Early this Spring I got the letter inviting me to be the Grand Marshal of a Vintage and Antique Car Tour over the fourth of July weekend in Florida. Naively, I saw it as my chance for a truly ultimate weekend. It was billed as a real tour, not just a crown of people shuffling across a lawn looking at Model A's . . . which I suppose can be all right if you're that type . . . I'm not. The invitation came with a little map of the route, a red line starting out at Ormond Beach then angling south and west all across the Florida Peninsula to the Gulf and straight south through Ft Myers and Naples, ending up on Marco Island for a big show of the cars. Fifty cars had been invited, strictly limited to machines of special interest that could go the distance, not those gleaming brass and chrome paperweights you see at too many "auto" shows. And I was being asked to lead the whole damn parade in my 1931 Chevrolet Independence Roadster. I sat for a couple of minutes reading over the note, trying to figure out how the hell I could get my car to Florida without spending a week en route cajoling a car that hadn't been driven hardly at all in the past 15 years. I called Chuck Hanna, the professional restorer who was even then trying to. match the delicate cream paint of my car and asked him whether he thought it would make it. "It an depends." I'm enthralled by open-ended answers like that. "On what?" I asked. "On a hell of a lot of things. Like head gaskets and generators and stuff. Why don't you take it down by Auto-Train ... by the way, your car won't be ready for the Fourth." He hung up. Jesus Christ! I thought, invited to be the Marshal of the whole ball of wax and that miserable Chevy ain't gonna make it. Son of a bitch. Another near-miss. I called my old friend Gene Butera, the Creative Director of Car and Driver, and told him the whole sordid story, exaggerating a bit here and there. "You been trying to get that Chevy to run for so long I'm going to start calling it Teddy Kennedy," he said. You can count on Butera for sympathy every time. "Laugh, Butera, but I was planning to ask you to go along with me and take pictures and stuff." There was a faint choking over the phone. "What's the matter, Butera?" I hollered, "your back acting up again?" "I'll call you back." Gone was the light-hearted, ovial Butera . . . A note reminiscent of his Mafia forebearers had ended the conversation: It was a side of Gene I had always suspected was there but that had not surfaced until now. Thirty seconds later my phone rang. "I got a car." "What kind?" I answered in my Grand Marshal voice. We Grand Marshals don't drive just anything. "N'excalibur." "Nex ... what?" "N'excalibur." Gene's heavy Queens accent is sometimes decipherable only to lifelong residents of Utopia Parkway. "I haven't .seen a Nexcalibur for some time. Is that the one. . ." 'That's it." Butera roared. "The Mercedes replica." "Oh, The Excalibur!" "That's what I said. I gotta friend that distributes them." "Tell him okay, Butera. Those Old Car Cuckoos will probably croak when they see it. But it'll still look great in the parade. We're going down by Auto-Train ." "Auto-what?" It was my turn to play smart-ass. "It's this system, Butera, where they put your car on a train and you ride down with it Having parties and stuff all the way." "I never heard of it." Butera is one of the few guys I know who can manage to have his jaw hang slack over the phone. Several weeks and fifteen thousand or so phone calls later I met Gene standing outside the crumbled brick facade of the Red Ball Garage on New York's East Side. Resting. next to the curb was a spectacular snow white. Excalibur SS. It sprouted exhaust pipes li.ke an octopus and already a jostling crowd surrounded it, a phenomenon which I was to experience from that moment on until I returned the car. I will say, parenthetically right here, that of the hundreds of automobiles I have driven, the Excalibur is by far the most consistent crowd-puller I have ever known. In fact, it gets to be a drag sometimes, as I will relate -further on. But the first moment when I met Butera I. was still innocent of what the Excalibur can do to people. Gene had the top down and was running around the car shooing off bums and beady-eyed kids, all specialists in .the art of the quick rip-off. "All set, Butera?" "We better get on the road, man. It's getting late. You follow my car, and let's get the hell out before the rain hits." Butera had brought along his wife Mil and his son Steve, who ambled around, muttering about shells -and centipedes. He is a Nature freak, Which it isn't easy to be in Queens. Five minutes later we were booming south down the FDR headed for the Verranzano Bridge. Already the Excalibur was doing its deadly work. Some clown in an Eldorado roared alongside of me trying to see what the hell it was. Suddenly he realized he was in a blocked-off lane due to a gigantic 30-foot excavation. I saw a flash of a scared white face. The Eldorado slid for maybe 200 feet, leaving black smoking tread marks behind it and finally slowed to a stop with its front bumper hanging over the abyss. Then two guys driving a VW delivery van kept cutting in and out in front of me, pointing at the exhaust pipes and breaking up in uncontrolled laughter while the VW wandered from lane to lane, clanking madly. Beside me, wearing sunglasses and looking cool, was Leigh Brown, the lovely girl who is the Associate Producer of my TV show. After all, this was gonna be a true weekend and you don't Grand Marshal a parade of vintage cars alone. She was still sulking because I had refused her request to take along her guinea pig. This is a short, squat, furry animal named Conway Tweety, which gives you some idea of the conditions under which I work. "For Chrissake, quit bitching!" I yelled over the roar of the wind and the bellow of the Corvette 454 under the hood. "Keep an eye on Butera's car while I try to keep these maniacs from clobbering me." Cars zipped in and out, cutting me off, slowing and speeding up with abandon trying to figure out what the hell the Excalibur was Butera's car thundered by with Gene hanging out of the side window, frantically snapping off pictures while I tried to look intrepid with that goddamn VW van tailgating behind me so close I could hear the maracas on its transistor radio over the roar of the exhaust. Butera wildly waved me closer. For Chrissake, my left front fender wasn't more than three inches from him at the start. We had gone maybe seven miles and already it was a long trip. We spewed out of the other end of the Verranzano and within minutes were on the Jersey Turnpike headed toward Lorton, Virginia, the town just outside Washington which is the terminal for the Auto-Train. On through Baltimore, skirting Washington and finally, with minutes to spare, we wheeled down the small, almost invisible road marked with a simple sign reading "Auto-Train-Welcome." Next to the road, the passenger train in which we would ride was already filling up. On the other side, the auto transport train which would accompany us was being loaded. Hip looking guys, long hair and mustaches, dressed in white uniforms, flipped when they saw the Excalibur. After a brief wrestling match to see who would drive the car up the ramp into the specially designed double-deck enclosed freight cars, it was rolled away in the center of a line of Impalas, Galaxies, Cougars and other such mundanely plebian machines. We were given tickets something like airline checks assigning us a seat in one of the glass-domed coaches, and the girl handing out the checks asked, "When do you want dinner, 8:15 or 9:30?" "Can we get a drink?" Butera asked anxiously. "Yes, sir. The bar is open now.". We decided on 9:30, since it was already damn near 8:00 and we needed time for a couple of martinis. For your $200 fare, you, your car and up to three passengers ($20 a head for each additional passenger) get all meals and accommodations in addition to the transportation. You can even leave all your baggage, if you want, right in your car. In fact, some cars were crammed full with bicycles, outboard motors, canoes, tents and so forth. Dinner was served buffet style, with a choice of chicken, roast beef or something that looked like meatloaf. We bought a bottle of wine and sipped coffee as North Carolina rolled by outside. In the car behind us the entertainment had begun. In a dim blue-lit glass topped car, a folk rock singer entertained free of charge, of course, while we drank Jim Beam and got pleasantly warm around the edges. Steve, knocking back 7-Up after 7-Up, couldn't believe he was on his way to Florida. "Steve," I intoned, "as an old Florida hand and one who has been bitten by more Everglades mosquitoes than any living pilgrim, I can tell you, you will see creatures in Florida that you will not believe." "Didja ever see one of those walking catfish?" "My, yes, Steve, it's funny you should ask about that. You will note this small scar on my ankle, above my sandal here. I received that one night when a walking-catfish leaped out of the palmettos, snapping wildly at my ankle. I beat him off with a heavy stick but only after sustaining a nasty flesh wound as you can see. Walking catfish, Steve, have become a terrible menace. Why, once . . ." "Let's go listen to the singer." Leigh cut in. I could tell she was still bugged about that damn guinea pig. And so the night went. Some fellow travelers played cards all night; others slept, the more elegant tucked away into their staterooms and roomettes. Some drank heavily and stared out into space. The little birds in the stewardess uniforms flitted about, making things pleasant and serving free sandwiches up and down the aisles. The rails clicked as we hummed through the night, through South Carolina and Georgia. Suddenly it was morning. The houses outside were low and overhung with palm trees and live oaks with long trailing skeins of moss. We were in Florida horse country. People were packing bags and moving out into the aisles as the train slowed to a./ halt at exactly 11 :30 a.m. We trooped outside where the stewardesses, who never seem to sleep, were serving orange juice and coffee to anyone who wanted some. Within thirty minutes the pampering was over and everyone had his car and was on his own way. The Ormond Beach Hotel deserves an entire story for itself. Built in the late 1800's, great verandas encircle it and thousands of rocking chairs squeak in the cool shade. It was here that Barney Oldfield was asked to enter through the "Servants' Entrance" the night before his record shattering run on the beach. In fact, the Ormond Garage still stands a few yards away. This is the garage where Oldfield and Cannonball Baker, Henry Ford and a score of squint-eyed cigar-smoking pioneers tuned their cantankerous creations before driving them to the beach just down the street. Ormond Beach, not incorrectly, calls itself "The Birthplace of Speed." Cars were roaring down the beach here a decade and better before Indianapolis saw its first race. And when Butera and I got carried away by the nostalgia of it all and actually made a few runs in the Excalibur that afternoon at the beachfront, it looked like Old Timer's Day at the stadium. Considering' that we almost got caught by the tide, I'm sure the geriatric grandstand corps that had gathered appreciated the lengths we had gone to for authenticity's sake. By the next morning cars lined the curving driveway outside of the hotel waiting for me to start the Second Annual Mackle Vintage Car Tour. Included in the array that would continue to grow along the way were a pair of '29 Straight Eight Packard roadsters; a couple of magnificent Model A's, a 1914 T . . . And a winged Daytona Charger. Daytona is only a few miles south down the beach and the crowd gathering for the Firecracker 400 had infiltrated everywhere. Conceived by Bill Prentiss Mackle, a Public Relations man and an ex-Chicago semi-pro ballplayer, the Tour has caught on in southern Florida. For one thing, it is a true tour and not just an exhibition since all, or at least most, of the cars drive the full 280 miles from Ormond to Marco Island. At 9:05 a.m. I wheeled the gleaming Excalibur down the driveway of the hotel and one after the other the vintage and classic cars putted and rumbled into line behind me. A large applauding Cjrmond Beach crowd had assembled, cheering each car as it rolled past. I was beginning to taste just a bit of that curious exhilaration and genteel showbiz aplomb of the vintage car tourer and afficionado. We rolled down the main street of Ormond Beach behind the blue flashing lights of a couple of squad cars. It was a spectacular day with the sun streaming down out of a cloudless blue sky. We rolled past the Daytona Speedway through Deland where a couple more cars joined us. This is beautiful rolling green country, light years removed from Miami Beach and the "Fountainbleau" where Barbra Streisand heads the "Showuh of Stahs" and the sequined wedgie and the sugar daddy come to full flower. Being the Grand Marshal of a long distance tour, I discovered, is one hell of a job which, in fact, is a little like being the Trail Boss on a cattle drive. The vintage and classics were fine. They just kept rolling along. But all kinds of crazy stuff kept getting into the parade; horse trailers, Winnebagos, guys towing 40-foot cruisers and just plain rubbernecking boobs. I had to keep patrolling up and down my mile-long serpentine of coughing charges weeding out these interlopers and prodding some of my own weak sisters. Moreover, there is also a curious crack-the-whip effect that comes into play in a long line of dissimilar vehicles. Some go faster than others . . . Or put another way, some go slower than the others. The guys in the rear of the line are always bitching that you're going too fast and those up in front are yelping about how slow you're going. A Marshal has to be a completely impervious son of a bitch. I settled on 43 mph and held it there steady as a rock, come hell or high water. The big Packards, of course, were just idling over at that speed while the Model A's were comfortable, but the 1914 and '15 Ts were right at the limit. If you ever get a chance to marshal one of these affairs, be ready for the gripes, especially from the women. We were scheduled to hit Kissimee around noon for lunch, but there had been a slight miscalculation. What Daytona is to the racing world, Kissimee is to the Rodeo Cuckoo. We happened to hit Kissimee on the day of the Silver Spurs Rodeo and the town was filled with guys who had steer horns on the hoods of their Caddies and good ol' boys squirting tobacco juice all over town. They had taken over the fairgrounds where we were supposed to stop for lunch with their whoopin' and hollerin'. We wound up, a snaking caravan now nearing full strength, rattling over a single-lane gravel road into a local Little League park where we sat around and ate some of the Colonel's chicken, guzzled Dr. Pepper and listened to the dragonflies hum. It isn't often that your average Kissimee native sees that much spectacular hardware parked in the weeds surrounded by people eating Colonel Sanders chicken. At 1 :30 a squad car led us back out past the roistering rodeo and onto the highway and we continued uneventfully south, into the Lake Country and a few hours later, the whole entourage pulled into the Lake Placid Holiday Inn. By now we had almost the full 50 cars in line, including a fully restored 1936 White Motor Yellowstone Park tourist bus done in bright canary yellow. As I drove the Excalibur into a parking slot, a large lady peered down at me from the second balcony and yelled: "What's that, sonny? That's one a' them Duesenbergs, ain't that right, son? That's one a' them Duesenbergs." She was joined by a second crowlike lady who clucked at the sight of my Duesenberg. "Nope. It ain't a Duesenberg, ma'am," I hollered back up at her as I struggled away with the top, trying to get it up before the rain hit. "It ain't? What is it?" She was not one to take contradiction with grace and was now leaning over squinting at me through her harlequin glasses, her starched blue hair rustling in the breeze. "It's a '73 Pontiac Firebird," I yelled up, snapping the top into place. "Well, I'll be damned. A '73 Pontiac?" "Yep .. They ain't announced it yet, but this one's going to a dealer. They figured it was time for some restyling." "Hey, Clarence," she yelled back into the room, her voice squawking with excitement. "My God, Clarence, come out and take a look at the new Pontiac!" She peered down at me in excitement. "We got a '72 Grand Prix. Boy, they sure changed it!" Clarence, with his suspenders flapping down over his behind, came out on the balcony, took one look at the Excalibur and almost passed out. ''We gotta order one a' them, Clarence. Boy, they sure improved the Pontiac. My God, ain't that something." Clarence clung to the balcony, staggered by the sight of the '73 model. There are probably today thousands of Florida citizens who can hardly wait for the fantastic !73 Firebird that looks just like a Duesenberg. After dinner Butera, Mil, Leigh and I sipped bourbon in the darkness of the Lake Placid Holiday Inn discotheque. "What do you think of Florida, Gene?" I yelled over the feedback which seemed to be the main feature of the rock band. "Yeah!" he hollered back. "It's nothing like Queens. What were them big black birds that kept flying over when we were out on 27?" "Vultures," I hollered back. "They were vultures." Gene paled. "Yeah. They got a lot of them down here. They just wait for something to drop and then they go to work." Gene took a quick slug of his Jim Beam. "How come they're following us?" "Nobody really knows about that. They got some kind of sixth sense. They never miss. They must know something." Gene sank lower in his seat, pretending he was scratching his mosquito bites, but I could tell in the dark that he was actually crossing himself. The next morning WP. Were off before the dew had disappeared from the flame trees. Believe me, there aren't many feelings like heading a parade that winds and twists behind you, gleaming in the sun like some long metal dragon flicking its tail amid the orange groves. By 3:00 that afternoon we had downed a fantastic French picnic provided by Mackle (complete with Chefs in White hats and mounds of iced shrimp stopped traffic cold in Fort Myers and Naples, 'had left the mainland of Florida via an incredible causeway over Marco Pass and were being directed into parking slots at the Marco Beach Hotel. We had come 280 miles in 90 heat and not lost a car. (One Model A had to stop briefly with carburetor trouble, but that's nothing new for them). Steve hit the ground running. "Hey," he hollered, pointing toward a couple of porpoises rolling through the translucent turquoise water. "Flipper. There goes Flipper!", He was right. Flipper, the TV star, was actually captured right in front of the Marco Beach Hotel - which is one of the few hotels in the world serving escargot within yards of roaming cougars, black bears, bald eagles,, Everglades deer and fully-grown alligators. In fact, for years a 14-footer named Albert lived in the water hazard on the fifth hole at Marco until one day he ate somebody's French poodle. They loaded him in a pickup truck for a ride deep into the Glades where he could pick on something more his size. After a swim in the Gulf our band gathered over steaks and stone crabs in the dining room. And for the first time on the whole trip Butera was growing worried. "We gotta convince Brown that this was a real ass-bustin' job 'cause if he gets even the slightest hint that we enjoyed ourselves Hoboken is going to be as far as we get to go from now on." "How 'bout something about heat rash?" I volunteered. "Or maybe how we had to eat hogback and grits, and . . . " The waiter arrived with our baked Alaska. Steve dug in, sending up a fine spray of French vanilla ice cream. "Steve," Mil leaned over the table toward him, "you're going to have to do something about those whelks. They're climbing all over the bathroom and one of them was in the shower with me. They make me nervous. They keep looking at me." "Whelks?" I asked, peering throughthe purple haze of Gene's cigar. "Yeah. I caught a lot of whelks. You never saw such shells! I already caught about 20 buckets full. I put them in the sink in the room. A lot of them are alive." "What are you going to do with them, Steve?" Leigh asked as she toyed with her thimble full of Corvoisier. "Take 'em home.' Kids'll really flip." "Yes, that's true," Gene said, reassured once again. "You don't see many whelks out in Floral Park." The next morning the festivities really began. The Fourth of July. It seemed like maybe ten years since I'd left Manhattan and its subways and jostling lemmings. I thought briefly of what they must be doing today on the Long Island Expressway and how things were progressing among the celebrants at Jones Beach. I did not miss them. There is a little Nero in all of us, waiting to surface. A couple of thousand people had gathered to examine the cars and just wander among the owners. Vintage and classic car owners are a very special breed. They never tire of standing near their cars, just looking at them, petting them sensuously, flicking a bit of dust off a fender, caressing a radiator ornament and just standing, always looking. Their dedication is almost total. Sometimes I had the curious feeling that I was with an odd, embattled religious sect. Since I was Grand Marshal I was also one of the judges. It was not easy. Late in the afternoon we passed out the awards. The top award for the Classic of the tour went to a jet black, almost completely original immaculate Jaguar SS 100 Roadster. All day people had circled around it in awe. The Outstanding Car of the Show award was taken by a 1929 corntassle yellow Cadillac that was damn near a perfect restoration. The '37 Ford 2-door sedan in showroom condition took the cup for the Special Interest car of the tour. Other awards went to a 1914 Model T and a 1929 Model A roadster that was an absolute gem. There were many more - based on my feeling that it doesn't pay to have many losers sulking in the same hotel you're staying in, not if you're a judge. The next morning I aimed the Excalibur back north toward Sanford and the Auto-Train trip to home. On the way we passed Merle Haggard's red, white and blue air-conditioned bus heading to Lakeland for a country/western show. Leigh yelled and screamed, pounding on the dashboard. "My God, Merle Haggard's bus passed within 50 feet of us!" "Does that make up for that goddamn guinea pig?" I said. She grinned. "My God! Merle Haggard. I saw his bus!" With that, everyone agreed it had been a fantastic weekend, fantastic enough to head back to where "getting away for the weekend" can damn near blow the weekend itself . . . And sure, Conway Tweety. - Jean Shepherd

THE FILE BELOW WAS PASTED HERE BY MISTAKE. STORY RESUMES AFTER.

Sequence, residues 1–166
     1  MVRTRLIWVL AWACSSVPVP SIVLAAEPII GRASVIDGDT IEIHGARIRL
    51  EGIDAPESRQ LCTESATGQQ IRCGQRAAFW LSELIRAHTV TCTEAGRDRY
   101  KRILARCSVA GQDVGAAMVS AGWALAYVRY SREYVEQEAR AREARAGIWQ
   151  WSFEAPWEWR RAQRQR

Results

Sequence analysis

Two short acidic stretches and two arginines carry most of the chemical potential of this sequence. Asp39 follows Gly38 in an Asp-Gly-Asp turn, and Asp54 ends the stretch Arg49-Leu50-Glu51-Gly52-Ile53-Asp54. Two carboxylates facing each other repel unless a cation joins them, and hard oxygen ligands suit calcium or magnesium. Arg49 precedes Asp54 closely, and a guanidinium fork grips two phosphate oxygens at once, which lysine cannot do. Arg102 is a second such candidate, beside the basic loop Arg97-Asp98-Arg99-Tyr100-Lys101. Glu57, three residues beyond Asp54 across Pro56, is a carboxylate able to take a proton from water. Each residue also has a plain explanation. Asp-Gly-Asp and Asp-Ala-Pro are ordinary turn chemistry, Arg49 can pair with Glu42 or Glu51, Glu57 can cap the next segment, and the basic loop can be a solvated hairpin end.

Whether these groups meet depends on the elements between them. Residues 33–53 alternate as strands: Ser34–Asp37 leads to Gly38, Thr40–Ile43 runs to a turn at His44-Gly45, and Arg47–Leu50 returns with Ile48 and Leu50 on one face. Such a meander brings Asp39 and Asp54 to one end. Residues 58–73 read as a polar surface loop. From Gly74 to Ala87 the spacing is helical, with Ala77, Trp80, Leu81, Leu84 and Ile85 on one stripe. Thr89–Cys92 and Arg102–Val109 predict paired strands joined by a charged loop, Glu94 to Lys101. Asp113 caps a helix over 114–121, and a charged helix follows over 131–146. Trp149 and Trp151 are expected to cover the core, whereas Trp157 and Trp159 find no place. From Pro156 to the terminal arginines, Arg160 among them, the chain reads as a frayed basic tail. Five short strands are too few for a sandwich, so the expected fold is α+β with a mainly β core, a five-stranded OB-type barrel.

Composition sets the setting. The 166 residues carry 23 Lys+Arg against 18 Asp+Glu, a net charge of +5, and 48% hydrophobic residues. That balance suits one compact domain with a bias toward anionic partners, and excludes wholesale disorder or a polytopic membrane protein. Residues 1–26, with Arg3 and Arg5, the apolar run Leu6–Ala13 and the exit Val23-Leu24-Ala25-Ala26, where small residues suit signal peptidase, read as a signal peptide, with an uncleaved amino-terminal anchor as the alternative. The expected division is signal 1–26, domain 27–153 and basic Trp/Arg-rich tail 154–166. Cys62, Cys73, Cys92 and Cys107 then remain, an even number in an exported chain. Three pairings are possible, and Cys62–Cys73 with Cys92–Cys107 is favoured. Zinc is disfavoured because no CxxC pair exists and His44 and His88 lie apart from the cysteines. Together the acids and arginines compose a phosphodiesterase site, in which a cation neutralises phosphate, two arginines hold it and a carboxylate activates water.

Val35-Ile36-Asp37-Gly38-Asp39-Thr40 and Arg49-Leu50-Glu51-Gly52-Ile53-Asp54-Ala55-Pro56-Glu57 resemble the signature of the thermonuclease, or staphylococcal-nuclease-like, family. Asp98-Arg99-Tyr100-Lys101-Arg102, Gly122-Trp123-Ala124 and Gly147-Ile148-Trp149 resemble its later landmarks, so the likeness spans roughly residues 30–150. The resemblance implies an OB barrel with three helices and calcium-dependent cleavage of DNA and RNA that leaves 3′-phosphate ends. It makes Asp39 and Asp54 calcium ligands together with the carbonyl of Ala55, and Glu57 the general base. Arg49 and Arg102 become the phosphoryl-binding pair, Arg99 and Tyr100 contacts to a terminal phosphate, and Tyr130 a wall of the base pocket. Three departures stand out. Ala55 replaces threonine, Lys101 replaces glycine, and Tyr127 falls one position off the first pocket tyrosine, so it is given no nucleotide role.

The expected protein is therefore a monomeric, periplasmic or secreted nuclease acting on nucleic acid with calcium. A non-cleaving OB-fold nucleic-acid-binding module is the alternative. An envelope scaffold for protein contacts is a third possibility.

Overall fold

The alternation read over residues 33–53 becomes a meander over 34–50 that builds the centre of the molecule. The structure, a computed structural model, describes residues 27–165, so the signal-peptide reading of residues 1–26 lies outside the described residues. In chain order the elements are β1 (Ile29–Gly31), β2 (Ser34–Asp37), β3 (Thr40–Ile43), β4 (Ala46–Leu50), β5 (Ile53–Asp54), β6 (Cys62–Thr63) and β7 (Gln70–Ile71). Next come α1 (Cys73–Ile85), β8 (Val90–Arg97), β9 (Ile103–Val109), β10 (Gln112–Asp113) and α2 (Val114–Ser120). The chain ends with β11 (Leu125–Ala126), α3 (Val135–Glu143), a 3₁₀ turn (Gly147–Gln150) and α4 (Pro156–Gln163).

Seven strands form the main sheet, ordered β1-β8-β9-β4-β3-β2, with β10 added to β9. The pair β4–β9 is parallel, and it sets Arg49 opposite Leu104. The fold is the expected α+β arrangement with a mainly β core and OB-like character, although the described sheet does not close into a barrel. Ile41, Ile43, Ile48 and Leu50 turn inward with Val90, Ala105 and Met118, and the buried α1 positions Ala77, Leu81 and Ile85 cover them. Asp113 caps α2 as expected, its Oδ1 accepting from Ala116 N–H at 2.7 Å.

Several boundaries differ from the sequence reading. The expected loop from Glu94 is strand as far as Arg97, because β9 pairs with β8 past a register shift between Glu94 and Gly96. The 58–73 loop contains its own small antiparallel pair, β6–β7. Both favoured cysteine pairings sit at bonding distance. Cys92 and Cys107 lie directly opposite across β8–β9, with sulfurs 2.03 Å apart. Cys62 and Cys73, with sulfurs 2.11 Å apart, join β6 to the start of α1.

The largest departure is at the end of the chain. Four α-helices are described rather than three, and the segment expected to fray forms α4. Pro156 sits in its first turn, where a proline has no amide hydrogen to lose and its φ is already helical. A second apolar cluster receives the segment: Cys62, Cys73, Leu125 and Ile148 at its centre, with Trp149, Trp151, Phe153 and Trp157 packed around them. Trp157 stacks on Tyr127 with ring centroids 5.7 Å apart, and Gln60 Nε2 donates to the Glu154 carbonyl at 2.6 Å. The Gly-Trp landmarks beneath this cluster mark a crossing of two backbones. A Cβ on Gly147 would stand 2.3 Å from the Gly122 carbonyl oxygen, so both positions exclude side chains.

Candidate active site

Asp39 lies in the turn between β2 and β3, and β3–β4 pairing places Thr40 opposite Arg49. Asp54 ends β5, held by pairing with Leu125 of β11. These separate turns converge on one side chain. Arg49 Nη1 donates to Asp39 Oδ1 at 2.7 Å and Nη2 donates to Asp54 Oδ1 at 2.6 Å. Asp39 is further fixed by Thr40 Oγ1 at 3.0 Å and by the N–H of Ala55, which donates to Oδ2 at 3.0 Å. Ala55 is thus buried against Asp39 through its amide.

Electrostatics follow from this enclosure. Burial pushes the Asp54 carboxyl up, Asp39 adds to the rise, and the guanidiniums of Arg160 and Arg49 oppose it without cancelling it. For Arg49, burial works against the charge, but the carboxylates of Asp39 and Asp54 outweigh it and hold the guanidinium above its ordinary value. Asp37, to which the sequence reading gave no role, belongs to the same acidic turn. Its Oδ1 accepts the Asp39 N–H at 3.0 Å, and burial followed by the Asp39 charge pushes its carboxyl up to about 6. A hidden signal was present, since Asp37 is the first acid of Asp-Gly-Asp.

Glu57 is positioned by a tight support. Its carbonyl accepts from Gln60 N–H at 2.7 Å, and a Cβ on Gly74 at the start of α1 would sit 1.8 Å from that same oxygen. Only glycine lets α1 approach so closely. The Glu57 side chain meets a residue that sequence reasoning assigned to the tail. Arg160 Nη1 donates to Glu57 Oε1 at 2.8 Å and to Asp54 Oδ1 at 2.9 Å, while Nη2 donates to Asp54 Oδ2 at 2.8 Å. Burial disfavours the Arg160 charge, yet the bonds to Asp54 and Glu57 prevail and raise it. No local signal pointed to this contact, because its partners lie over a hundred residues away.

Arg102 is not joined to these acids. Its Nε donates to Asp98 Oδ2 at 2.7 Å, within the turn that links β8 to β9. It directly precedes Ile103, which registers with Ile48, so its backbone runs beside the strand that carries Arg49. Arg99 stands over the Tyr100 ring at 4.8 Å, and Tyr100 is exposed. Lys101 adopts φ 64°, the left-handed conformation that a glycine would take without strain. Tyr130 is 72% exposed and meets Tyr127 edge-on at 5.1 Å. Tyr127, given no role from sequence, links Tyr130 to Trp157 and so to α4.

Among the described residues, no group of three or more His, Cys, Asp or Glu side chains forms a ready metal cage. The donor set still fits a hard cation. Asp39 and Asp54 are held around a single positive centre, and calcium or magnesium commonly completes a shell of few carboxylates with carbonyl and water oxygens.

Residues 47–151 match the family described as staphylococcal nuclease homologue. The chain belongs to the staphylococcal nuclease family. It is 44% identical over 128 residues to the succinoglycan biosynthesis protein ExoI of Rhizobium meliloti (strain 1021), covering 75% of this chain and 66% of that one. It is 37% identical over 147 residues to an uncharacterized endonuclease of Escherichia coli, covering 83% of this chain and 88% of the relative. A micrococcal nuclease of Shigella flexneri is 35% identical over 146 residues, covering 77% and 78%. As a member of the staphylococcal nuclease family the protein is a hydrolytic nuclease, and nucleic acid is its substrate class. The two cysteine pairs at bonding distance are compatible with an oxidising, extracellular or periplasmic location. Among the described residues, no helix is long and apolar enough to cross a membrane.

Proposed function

Copyright: 1972 Car and Driver

Links to Further Information:
• More on the Auto Rally